Communication is not easy, especially when there is something difficult to say. Even if we are excellent communicators, we can all use a reminder now and again about how to have tough conversations with our bosses, co-workers, lovers, friends, and children. I selfishly want to share these tips for difficult conversations because they work equally well if you don’t agree with something that I’ve written and want to let me know.
In that selfish vein, a preface: if you don’t like something I wrote, please remember that I am an opinion column writer; paid to write my opinions, not yours. As long as I have an opinion, write it down coherently, and submit it on time, I have done my job. I do try to entertain, educate, and inspire, but my job is not to please everyone.
For years I had romantic partners who read my columns and tempered my words, suggesting more politically correct topics or phrases. The result was often wishy-washy. This led to a mentor of mine who told me to stop sitting on the fence. It brought back the very uncomfortable memory to me of doing a split leap on the balance beam in gymnastics when I was 12 and landing with one leg on each side of the beam. I did not want to sit painfully on a fence, nor be perceived as doing so.
Now, I write what I think, after a lot of research, and I do my best to go full-throttle. Nothing else feels authentic. I don’t expect anyone to agree with everything I say, but I do expect people to respect my artform, and to treat me like a human being when commenting.
Seth Godin once wrote: “Be judged or be ignored.” If you want to judge, I encourage you to do so, but please communicate respectfully, focusing on facts, in a balanced manner, without personal attacks. More specifically here are six tips to make your difficult conversations, less difficult:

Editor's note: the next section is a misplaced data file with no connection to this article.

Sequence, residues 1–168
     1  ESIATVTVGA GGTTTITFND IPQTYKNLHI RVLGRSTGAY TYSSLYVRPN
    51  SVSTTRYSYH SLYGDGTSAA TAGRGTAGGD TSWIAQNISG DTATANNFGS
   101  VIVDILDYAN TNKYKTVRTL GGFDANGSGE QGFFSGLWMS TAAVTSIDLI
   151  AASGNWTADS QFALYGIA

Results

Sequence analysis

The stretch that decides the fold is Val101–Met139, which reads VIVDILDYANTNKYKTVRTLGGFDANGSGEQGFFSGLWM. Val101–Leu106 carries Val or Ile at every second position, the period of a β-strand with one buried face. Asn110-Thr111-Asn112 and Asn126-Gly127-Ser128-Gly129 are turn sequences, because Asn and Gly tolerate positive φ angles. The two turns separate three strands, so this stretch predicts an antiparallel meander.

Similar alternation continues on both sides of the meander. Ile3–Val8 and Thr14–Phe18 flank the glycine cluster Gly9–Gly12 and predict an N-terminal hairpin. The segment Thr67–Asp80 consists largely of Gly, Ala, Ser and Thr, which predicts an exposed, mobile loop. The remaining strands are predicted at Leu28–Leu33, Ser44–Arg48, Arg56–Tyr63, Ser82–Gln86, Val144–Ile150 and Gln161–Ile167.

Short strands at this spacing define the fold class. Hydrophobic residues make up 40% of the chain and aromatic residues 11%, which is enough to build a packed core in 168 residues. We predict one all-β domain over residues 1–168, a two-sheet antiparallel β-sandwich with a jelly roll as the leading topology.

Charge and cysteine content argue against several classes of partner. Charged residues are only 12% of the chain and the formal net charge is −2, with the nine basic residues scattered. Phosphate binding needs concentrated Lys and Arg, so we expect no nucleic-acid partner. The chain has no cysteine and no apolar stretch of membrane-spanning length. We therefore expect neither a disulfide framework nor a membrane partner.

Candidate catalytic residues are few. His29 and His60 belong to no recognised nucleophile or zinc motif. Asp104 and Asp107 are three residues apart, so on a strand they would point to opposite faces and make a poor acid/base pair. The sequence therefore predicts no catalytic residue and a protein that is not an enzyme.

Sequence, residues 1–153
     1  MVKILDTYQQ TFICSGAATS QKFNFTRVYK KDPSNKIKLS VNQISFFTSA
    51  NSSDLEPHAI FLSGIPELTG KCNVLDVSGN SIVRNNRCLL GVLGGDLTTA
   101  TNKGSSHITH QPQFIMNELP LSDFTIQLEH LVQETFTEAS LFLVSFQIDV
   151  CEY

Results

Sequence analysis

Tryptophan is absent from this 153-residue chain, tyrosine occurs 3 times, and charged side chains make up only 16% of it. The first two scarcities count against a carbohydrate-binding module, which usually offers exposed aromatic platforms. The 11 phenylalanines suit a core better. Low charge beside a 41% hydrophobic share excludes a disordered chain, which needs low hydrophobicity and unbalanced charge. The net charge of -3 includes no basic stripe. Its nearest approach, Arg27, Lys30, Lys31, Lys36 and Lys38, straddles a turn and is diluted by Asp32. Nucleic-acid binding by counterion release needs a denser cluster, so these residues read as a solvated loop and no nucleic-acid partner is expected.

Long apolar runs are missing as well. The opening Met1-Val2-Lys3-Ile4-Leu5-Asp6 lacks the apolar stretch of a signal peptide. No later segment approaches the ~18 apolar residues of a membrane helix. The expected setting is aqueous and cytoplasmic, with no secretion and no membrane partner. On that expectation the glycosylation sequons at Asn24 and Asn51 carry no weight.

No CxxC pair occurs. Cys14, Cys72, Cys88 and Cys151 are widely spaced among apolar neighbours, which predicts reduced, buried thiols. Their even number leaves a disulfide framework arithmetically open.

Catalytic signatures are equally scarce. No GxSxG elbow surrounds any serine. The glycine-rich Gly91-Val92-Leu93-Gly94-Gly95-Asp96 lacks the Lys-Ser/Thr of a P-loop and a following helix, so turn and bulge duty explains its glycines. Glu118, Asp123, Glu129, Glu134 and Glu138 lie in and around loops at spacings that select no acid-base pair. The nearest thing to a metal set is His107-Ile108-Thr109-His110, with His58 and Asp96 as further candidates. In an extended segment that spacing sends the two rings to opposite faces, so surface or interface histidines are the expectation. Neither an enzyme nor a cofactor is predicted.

1) Attack the issues, not the person. No insults, nor name-calling. If you don’t like the way I look, I don’t need to hear about it. In fact, even if you like the way I look, I don’t need to hear about it. Sadly, I’m used to insults and comments about my appearance from a certain type of men, but it hurts even more coming from women. To the women out there, let’s be kind to one another, build each other up, and straighten each other’s crowns.
2) Focus on facts. Don’t make assumptions. What did I actually say? Don’t put words into my mouth. Don’t make assumptions about my level of research on a topic, nor about my level of education or intelligence. You will never know the amount of research that goes into each column. It is impossible to jam all of one’s research into the space given to write. (Oh, and if you’re wondering, I have a doctorate).
3) Don’t take things personally. Examine your feelings if you are getting defensive. Don’t blame the other person for your feelings. Me not agreeing with your opinion doesn’t mean that you are a lesser person. If you get super defensive about something I wrote, please check yourself and think about why, before you hurl vitriolic comments my way. Shakespeare’s: “I think the lady doth protest too much,” comes to mind when someone attacks me disrespectfully.
4) Take a balanced approach. Try and find one thing that we agree upon before launching into negatives. What’s that expression about catching more flies with honey? I don’t think I’m perfect, and sometimes I do get things wrong, but I am more than a sum of a pile of mistakes; my batting average is pretty decent.
5) Be respectful. Remember that I am a person, with feelings. There are nice ways to say something negative. Write to me like you would write to someone who you care about (like your mother, daughter, sister, partner).
6) You may not like the product, but respect the process. There are makers and takers in life. It is harder to be a maker. It is much easier to tear things down than to build them. No one wants to write the first draft, but lots of people are ready to criticize it. If you think you can do better, get writing, hone your craft, and submit it as a letter to the editor.
All of these bolded tips can improve any relationship’s communication, and will definitely help me to engage with you on the issues should you contact me. In case you are wondering, I reply to everyone who writes to me; regardless of their opinion of my work.
I am so thankful when anyone takes the time to write to me (though the compliments and constructive criticism are my favourite messages). Through these communications I have learned more about the other person and their views, and sometimes about myself. We may get closer on an issue, or we may not. We may eventually have to agree to disagree, but using the above ground rules for difficult conversations, we can do that kindly and respectfully.